Big Show is back on WWE television, wrestling his fourth decade in the sport. During his legendary career, Big Show has won more than he's lost, sporting a 579-384-73 record on television and pay-per-view according to cagematch.
But for Big Show, wins and losses don't necessarily matter as much as the performance aspect of what he does.
“I’m not here to get wins,” Big Show told Sports Illustrated. “Heck, I don’t know, I think I’ve won two matches in the past five years. It’s not about the win-loss record, it’s about the quality of work. No one has ever come up to me and said, ‘I can’t believe you lost that many times!’ People talk to me about what I’ve done, or cool moments like breaking the ring with Brock or Braun. They care about the moments, not about the win-loss record. And if I do it right, I’ll get myself over.”
Big Show has had several memorable moments since he first appeared in WCW in 1995. From his monster truck battle with Hulk Hogan to breaking the ring with Braun Strowman, Show has shown off his diverse skillset in the ring and as a performer.
“And for me, for lack of a better term, I was banned for doing a lot of what I wanted to do. That’s because a lot of what I wanted to do didn’t make sense. I was supposed to be playing the role of a giant. I got cussed out for doing dropkicks off the top, I got cussed out for doing nip-ups in the ring. They didn’t want that from me, and that’s because the giant before was Andre, who had set a precedent [in his post-WrestleMania I run with WWE]. I wanted to bump and feed and be exciting. But one of the biggest advocates for me to be more creative in the ring is Vince.”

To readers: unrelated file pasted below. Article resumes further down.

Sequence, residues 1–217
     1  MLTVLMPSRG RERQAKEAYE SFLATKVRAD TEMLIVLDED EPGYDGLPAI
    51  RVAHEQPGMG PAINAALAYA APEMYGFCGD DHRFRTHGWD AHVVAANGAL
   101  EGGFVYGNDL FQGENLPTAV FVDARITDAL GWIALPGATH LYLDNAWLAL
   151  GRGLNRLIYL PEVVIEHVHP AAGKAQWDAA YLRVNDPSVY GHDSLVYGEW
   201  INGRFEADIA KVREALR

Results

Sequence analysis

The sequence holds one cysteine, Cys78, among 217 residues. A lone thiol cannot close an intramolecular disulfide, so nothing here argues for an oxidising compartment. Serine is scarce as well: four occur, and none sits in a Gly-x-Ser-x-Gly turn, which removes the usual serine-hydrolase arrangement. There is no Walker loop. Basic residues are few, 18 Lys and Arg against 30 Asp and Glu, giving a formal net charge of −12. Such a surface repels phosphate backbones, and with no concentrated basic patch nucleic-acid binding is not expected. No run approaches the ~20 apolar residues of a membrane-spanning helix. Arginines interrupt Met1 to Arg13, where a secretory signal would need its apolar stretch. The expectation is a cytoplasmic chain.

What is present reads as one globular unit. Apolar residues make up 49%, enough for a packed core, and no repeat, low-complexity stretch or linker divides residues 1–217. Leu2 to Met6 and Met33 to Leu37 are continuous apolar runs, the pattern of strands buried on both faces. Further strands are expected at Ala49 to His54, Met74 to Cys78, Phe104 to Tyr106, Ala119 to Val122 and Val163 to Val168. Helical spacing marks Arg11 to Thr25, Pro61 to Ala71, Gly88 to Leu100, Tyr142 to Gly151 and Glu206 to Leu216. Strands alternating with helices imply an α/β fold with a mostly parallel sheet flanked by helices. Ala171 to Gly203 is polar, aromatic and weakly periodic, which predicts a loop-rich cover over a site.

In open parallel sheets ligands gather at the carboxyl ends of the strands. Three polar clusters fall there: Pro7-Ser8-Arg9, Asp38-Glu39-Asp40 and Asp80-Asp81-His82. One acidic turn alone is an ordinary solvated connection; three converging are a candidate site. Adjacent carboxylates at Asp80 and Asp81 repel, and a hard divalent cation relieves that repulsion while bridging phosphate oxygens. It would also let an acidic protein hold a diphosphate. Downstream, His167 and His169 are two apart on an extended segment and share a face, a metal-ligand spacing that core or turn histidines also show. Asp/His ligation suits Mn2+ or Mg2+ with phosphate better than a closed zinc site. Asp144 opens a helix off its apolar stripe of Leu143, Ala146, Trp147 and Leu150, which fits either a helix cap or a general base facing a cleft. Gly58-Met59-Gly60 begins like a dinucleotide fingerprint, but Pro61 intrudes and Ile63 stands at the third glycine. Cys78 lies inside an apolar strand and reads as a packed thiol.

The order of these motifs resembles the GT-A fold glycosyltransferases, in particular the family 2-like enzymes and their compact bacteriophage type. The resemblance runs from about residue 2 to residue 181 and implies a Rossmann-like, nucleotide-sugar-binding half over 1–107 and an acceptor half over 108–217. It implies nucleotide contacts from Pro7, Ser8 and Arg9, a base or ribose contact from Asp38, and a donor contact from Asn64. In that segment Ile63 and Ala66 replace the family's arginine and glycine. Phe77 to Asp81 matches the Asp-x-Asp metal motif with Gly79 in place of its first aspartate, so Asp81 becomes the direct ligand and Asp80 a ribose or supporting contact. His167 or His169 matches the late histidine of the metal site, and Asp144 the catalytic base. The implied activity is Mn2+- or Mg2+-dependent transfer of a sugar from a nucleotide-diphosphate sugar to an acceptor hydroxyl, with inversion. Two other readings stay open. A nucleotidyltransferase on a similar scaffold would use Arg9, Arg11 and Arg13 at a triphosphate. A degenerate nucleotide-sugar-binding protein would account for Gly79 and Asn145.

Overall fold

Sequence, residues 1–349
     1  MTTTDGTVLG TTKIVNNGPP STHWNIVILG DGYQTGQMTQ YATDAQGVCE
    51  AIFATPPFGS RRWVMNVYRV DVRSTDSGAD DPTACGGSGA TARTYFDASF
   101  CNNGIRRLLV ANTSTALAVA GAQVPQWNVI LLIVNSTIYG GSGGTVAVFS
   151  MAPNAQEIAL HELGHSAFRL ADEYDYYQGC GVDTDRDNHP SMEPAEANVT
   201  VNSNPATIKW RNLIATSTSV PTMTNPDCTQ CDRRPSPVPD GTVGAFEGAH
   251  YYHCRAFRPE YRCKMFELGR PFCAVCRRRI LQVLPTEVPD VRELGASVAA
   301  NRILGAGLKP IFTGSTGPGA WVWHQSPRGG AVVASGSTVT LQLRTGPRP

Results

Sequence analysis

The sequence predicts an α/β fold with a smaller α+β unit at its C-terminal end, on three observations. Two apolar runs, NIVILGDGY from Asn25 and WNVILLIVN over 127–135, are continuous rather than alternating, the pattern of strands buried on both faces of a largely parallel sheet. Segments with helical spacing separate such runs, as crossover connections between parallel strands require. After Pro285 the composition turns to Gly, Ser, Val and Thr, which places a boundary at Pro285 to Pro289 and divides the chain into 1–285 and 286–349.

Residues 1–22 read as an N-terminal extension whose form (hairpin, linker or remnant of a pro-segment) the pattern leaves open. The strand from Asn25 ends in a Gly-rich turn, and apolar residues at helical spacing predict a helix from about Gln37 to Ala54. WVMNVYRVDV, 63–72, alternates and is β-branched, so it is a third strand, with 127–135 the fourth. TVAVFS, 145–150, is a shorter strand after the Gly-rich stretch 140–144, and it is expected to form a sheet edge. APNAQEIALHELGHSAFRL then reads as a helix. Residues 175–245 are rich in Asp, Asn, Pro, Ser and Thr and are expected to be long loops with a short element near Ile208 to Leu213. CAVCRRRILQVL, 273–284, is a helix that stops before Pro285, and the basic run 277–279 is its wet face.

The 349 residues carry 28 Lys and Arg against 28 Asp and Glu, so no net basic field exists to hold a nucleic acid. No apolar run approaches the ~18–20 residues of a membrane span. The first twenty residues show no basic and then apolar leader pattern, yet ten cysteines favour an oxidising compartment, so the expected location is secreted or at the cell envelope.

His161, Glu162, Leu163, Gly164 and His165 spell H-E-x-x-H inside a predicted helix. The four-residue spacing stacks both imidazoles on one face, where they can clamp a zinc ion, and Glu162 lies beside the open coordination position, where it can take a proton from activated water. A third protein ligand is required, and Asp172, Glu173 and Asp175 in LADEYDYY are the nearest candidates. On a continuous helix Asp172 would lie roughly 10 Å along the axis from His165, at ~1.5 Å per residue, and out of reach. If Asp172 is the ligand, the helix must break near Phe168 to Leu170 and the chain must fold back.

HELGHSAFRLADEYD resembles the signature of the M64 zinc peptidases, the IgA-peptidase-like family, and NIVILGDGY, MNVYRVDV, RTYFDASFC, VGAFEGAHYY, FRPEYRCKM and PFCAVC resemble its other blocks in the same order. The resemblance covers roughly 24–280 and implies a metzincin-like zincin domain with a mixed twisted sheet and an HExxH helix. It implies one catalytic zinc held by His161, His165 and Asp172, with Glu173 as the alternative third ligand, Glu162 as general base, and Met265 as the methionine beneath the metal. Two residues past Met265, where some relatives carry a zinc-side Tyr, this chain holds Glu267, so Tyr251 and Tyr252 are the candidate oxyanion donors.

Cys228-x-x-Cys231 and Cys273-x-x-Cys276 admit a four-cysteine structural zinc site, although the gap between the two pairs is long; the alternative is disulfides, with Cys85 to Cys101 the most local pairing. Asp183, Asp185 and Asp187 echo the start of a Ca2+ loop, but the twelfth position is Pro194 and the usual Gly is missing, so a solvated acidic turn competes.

He continued, “I’ve had chain wrestling matches with Braun and another match like that with Kane, and I could have one hell of a chain wrestling match with Seth Rollins but it just wouldn’t make any damn sense. The matches aren’t always about getting yourself over. That’s the biggest thing I tell young talent. They get in the mindset that, ‘I’ll do my stuff, you do your stuff, I’ll do my stuff.’ That’s not what a match is about. The first rule of thumb to have a long career is get the match over, get your opponent over, and if you do those two right, then getting yourself over will happen, too. Sometimes I can’t go out and get all my stuff in. We’re trying to build my opponent. I don’t need to be built, I don’t need title runs. I’m established, and I’m comfortable with my career and who I am. My goal is to enhance the people I’m in the ring with and help bring them to superstar level. That’s the part that is the joy now.”
Big Show helped put over Seth Rollins and Buddy Murphy the last time he was on television, losing a six-man fist fight on WWE Raw. He was not on this past Monday's episode of Raw and is not currently scheduled for WWE Royal Rumble.